Pim Poppe: The risks of regulations and supervision
Pim Poppe: The risks of regulations and supervision
Door Pim Poppe, Managing Partner, Probability & Partners
Risk management and regulations are closely intertwined. Sometimes risk management improves with regulations. Sometimes regulations are just a burden. And sometimes regulations even hurt proper risk management. Right now, we need more common sense and less detailed rules.
As a risk manager, one must think about regulations. Regulations can help one do what is necessary. But at the same time, regulations greatly burdens internal financial and managerial resources. Not complying with regulations even becomes a risk in itself. Furthermore, complying with regulations and capital requirements may also give a false sense of security. We stop thinking.
Therefore, as a regulator and supervisory authority, one must think about the effect of one’s actions on sound risk management.
Since the global financial crisis of 2008, new regulations have emerged in all kinds of field. The idea behind this was that accidents should and can be prevented with regulations. This applies in particular to banks, certainly to insurers, but also to a large extent to pension funds and asset managers. Detailed and stringent rules have been introduced for capitalization, liquidity, and stress testing, to name a few.
Obtaining a banking, insurance, payment services, or brokerage license is increasingly difficult. In addition, potential management and supervisory board members are being assessed by supervisory bodies more than ever. The licensing system rule book has expanded, and reporting requirements have exploded.
The density and complexity of the additional financial regulations have had predictable consequences for the scale and scope of the regulatory resources. However, in financial institutions, this growth is even more pronounced. A considerable proportion of employees in the financial sector now work directly or indirectly for regulations concerning risk management.
Good for consulting
As a consultant, I naturally like regulations and the detailed supervision they provide. Many jobs and additional activities have been created, which are beneficial to us, businesswise. We help clients get licenses, build regulatory-compliant risk models, align governance with regulations, and help to report correctly about risks. In that sense, therefore, we, as a risk consultancy firm, should not complain.
Bad for society
As a citizen, however, I wonder whether all of this is socially desirable. Resources have been added to comply with regulations. Resources that society could also use differently. And finally, the client of the financial institution still pays the costs of improperly calibrated regulations. The end customer is the citizen who saves in the bank, the investor in an investment fund, or the pension fund beneficiary.
How can regulations harm?
The first issue which can arise from regulations is the fact that too many regulatory rules are stacked on top of each other: for example, capital requirements, rule books for getting a license, assessment of prospective management and supervisory board members by supervisory bodies, and data-driven reporting requirements.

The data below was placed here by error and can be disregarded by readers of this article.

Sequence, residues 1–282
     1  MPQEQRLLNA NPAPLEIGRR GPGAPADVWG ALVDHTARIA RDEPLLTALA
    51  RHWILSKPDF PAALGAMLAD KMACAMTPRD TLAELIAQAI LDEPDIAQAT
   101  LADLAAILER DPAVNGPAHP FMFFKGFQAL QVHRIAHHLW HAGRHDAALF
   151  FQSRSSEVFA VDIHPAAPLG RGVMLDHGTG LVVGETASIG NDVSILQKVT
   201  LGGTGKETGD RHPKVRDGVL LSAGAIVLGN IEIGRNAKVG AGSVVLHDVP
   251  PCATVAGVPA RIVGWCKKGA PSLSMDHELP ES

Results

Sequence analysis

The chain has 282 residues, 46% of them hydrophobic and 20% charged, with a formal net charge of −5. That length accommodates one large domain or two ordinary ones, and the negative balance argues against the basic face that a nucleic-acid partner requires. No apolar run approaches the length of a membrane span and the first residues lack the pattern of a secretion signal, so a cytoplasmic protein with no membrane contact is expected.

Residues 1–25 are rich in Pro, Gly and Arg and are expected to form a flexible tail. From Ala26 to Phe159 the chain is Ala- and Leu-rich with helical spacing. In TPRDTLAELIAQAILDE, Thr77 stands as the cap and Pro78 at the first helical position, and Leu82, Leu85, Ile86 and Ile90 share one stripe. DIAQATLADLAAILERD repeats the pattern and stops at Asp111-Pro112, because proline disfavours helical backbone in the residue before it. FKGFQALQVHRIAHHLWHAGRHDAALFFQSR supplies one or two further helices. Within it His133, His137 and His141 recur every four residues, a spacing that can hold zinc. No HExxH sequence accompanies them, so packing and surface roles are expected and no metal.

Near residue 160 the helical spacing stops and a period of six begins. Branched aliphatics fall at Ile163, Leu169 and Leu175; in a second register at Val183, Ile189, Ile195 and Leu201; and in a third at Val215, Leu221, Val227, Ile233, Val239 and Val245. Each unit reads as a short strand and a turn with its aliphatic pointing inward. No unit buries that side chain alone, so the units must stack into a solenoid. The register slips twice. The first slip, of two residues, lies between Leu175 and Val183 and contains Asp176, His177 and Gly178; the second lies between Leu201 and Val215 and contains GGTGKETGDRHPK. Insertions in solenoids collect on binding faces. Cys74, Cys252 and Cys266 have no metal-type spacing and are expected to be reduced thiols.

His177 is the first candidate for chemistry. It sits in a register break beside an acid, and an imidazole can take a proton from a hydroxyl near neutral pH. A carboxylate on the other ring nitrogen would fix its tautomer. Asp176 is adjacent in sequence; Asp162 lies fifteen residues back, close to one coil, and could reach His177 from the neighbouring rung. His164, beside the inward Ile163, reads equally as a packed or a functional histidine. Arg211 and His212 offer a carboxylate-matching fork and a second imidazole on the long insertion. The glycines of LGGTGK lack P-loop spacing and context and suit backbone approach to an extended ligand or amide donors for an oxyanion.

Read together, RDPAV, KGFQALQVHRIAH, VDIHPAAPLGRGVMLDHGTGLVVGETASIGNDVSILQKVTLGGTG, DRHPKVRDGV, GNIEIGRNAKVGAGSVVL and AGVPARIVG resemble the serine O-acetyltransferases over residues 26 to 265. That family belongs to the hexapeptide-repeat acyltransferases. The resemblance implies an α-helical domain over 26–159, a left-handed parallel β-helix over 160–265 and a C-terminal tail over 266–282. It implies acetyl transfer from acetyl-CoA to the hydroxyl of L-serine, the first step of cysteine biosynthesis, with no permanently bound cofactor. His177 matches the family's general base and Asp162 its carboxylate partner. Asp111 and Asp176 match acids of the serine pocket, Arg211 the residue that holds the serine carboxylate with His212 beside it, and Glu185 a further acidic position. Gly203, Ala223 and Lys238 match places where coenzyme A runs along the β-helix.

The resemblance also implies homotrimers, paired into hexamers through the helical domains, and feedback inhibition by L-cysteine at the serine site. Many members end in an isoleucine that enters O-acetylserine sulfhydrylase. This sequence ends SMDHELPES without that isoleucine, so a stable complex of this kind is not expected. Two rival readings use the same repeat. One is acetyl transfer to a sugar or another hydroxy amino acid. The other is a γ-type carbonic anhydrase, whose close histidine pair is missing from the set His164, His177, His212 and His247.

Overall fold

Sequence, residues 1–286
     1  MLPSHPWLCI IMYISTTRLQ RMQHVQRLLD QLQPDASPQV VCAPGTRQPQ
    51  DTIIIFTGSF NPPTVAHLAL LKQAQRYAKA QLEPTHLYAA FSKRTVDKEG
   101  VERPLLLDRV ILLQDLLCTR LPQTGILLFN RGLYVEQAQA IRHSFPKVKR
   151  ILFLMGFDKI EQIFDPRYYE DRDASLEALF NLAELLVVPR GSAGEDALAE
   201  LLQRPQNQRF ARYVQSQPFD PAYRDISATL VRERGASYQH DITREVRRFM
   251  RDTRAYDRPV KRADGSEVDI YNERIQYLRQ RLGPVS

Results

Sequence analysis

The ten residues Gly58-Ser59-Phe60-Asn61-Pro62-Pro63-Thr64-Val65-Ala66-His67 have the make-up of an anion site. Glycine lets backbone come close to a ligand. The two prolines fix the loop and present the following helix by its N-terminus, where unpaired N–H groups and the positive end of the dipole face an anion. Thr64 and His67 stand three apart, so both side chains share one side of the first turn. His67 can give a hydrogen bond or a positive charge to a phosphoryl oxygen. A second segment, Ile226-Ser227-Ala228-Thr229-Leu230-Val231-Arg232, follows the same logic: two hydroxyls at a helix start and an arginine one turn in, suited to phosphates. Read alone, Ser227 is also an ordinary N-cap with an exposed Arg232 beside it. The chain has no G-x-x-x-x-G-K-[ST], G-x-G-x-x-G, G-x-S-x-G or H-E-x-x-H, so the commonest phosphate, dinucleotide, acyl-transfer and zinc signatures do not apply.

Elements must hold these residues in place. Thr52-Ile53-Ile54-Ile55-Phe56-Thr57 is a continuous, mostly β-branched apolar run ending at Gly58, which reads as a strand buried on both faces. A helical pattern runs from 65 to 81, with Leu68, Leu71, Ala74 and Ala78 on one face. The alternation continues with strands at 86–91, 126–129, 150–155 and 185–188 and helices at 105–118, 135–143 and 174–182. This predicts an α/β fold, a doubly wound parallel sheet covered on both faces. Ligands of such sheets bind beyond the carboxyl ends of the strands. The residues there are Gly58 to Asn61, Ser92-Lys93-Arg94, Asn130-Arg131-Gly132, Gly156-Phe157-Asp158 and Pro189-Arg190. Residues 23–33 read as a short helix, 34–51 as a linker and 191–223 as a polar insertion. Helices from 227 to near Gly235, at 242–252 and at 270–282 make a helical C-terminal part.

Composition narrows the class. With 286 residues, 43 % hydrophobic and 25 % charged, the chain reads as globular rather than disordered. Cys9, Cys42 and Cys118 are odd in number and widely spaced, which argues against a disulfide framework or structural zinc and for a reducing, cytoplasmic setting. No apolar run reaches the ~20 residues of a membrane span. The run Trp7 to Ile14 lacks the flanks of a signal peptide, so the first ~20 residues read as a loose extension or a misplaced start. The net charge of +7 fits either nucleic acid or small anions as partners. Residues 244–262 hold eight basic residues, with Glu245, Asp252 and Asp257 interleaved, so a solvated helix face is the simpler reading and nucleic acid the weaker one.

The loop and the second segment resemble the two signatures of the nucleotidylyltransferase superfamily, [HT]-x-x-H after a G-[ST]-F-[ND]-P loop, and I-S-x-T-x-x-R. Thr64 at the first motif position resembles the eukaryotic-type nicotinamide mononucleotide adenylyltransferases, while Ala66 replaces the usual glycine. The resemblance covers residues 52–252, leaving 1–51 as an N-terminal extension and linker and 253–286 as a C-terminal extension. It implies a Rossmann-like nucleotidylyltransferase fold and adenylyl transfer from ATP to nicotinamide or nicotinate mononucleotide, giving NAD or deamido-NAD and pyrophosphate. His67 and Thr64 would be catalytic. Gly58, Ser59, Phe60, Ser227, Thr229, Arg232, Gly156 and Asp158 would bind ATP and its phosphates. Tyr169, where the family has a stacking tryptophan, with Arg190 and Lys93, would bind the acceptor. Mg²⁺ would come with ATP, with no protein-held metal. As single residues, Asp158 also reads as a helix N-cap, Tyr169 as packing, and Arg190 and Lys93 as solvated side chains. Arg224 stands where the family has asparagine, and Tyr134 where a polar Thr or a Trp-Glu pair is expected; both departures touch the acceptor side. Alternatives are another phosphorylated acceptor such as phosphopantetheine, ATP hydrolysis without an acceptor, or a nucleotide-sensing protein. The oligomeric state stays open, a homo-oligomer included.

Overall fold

The second problem is that the calibration of the risk weights and available capital calculations sometimes isn’t realistic. As a result, too much or too little capital must be held. Why, for example, is diversification considered to be in pillar I for insurers and pension funds, but not for banks? How can they both be right?
The third problem is that the level of detail in regulations is disproportionate to the intended effect on risk management.
Finally, risk managers are also changing their behavior. They focus primarily on compliance with the nitty gritty of the detailed rule books. That changes their attitude towards overall risk management and towards the institutes they are working for.
No fit for all regulatory tool kit
A final thought concerns the differences between banks and insurers on the one hand and pension funds on the other. The main difference is that due to capital requirements and improved burden sharing at banks and insurers, the shareholder will be primarily affected by poor risk management. The shareholders, therefore, have the incentive to enforce good risk management. Consumers are more or less safe given the enlarged capital cushion.
In pension funds, there is no shareholder who supplies a capital buffer. If the directors don’t properly manage the fund, the participants will be hurt. They are still on the hook. Therefore, the mix of the regulatory toolkit should be different, and more regulatory scrutiny is needed, because the risk mitigating role of equity and equity holders is missing.
More common sense needed
Overall, it is not easy to design good regulations and supervision. Nevertheless, there is scope to improve regulations by simplifying the proportionality and differences between institutions and sectors. We could also move away from detailed regulations and give more weight to the judgement and discretion of the competent supervisor who understands risks and risk management.
In other words, we need more common sense and less detailed rules. Hopefully, the regulators and supervisors will supply that in the future.
Probability & Partners is een Risk Advisory Firm die geïntegreerde risicomanagement en kwantitatieve modelleringsoplossingen biedt aan de financiële sector en aan data-gedreven ondernemingen.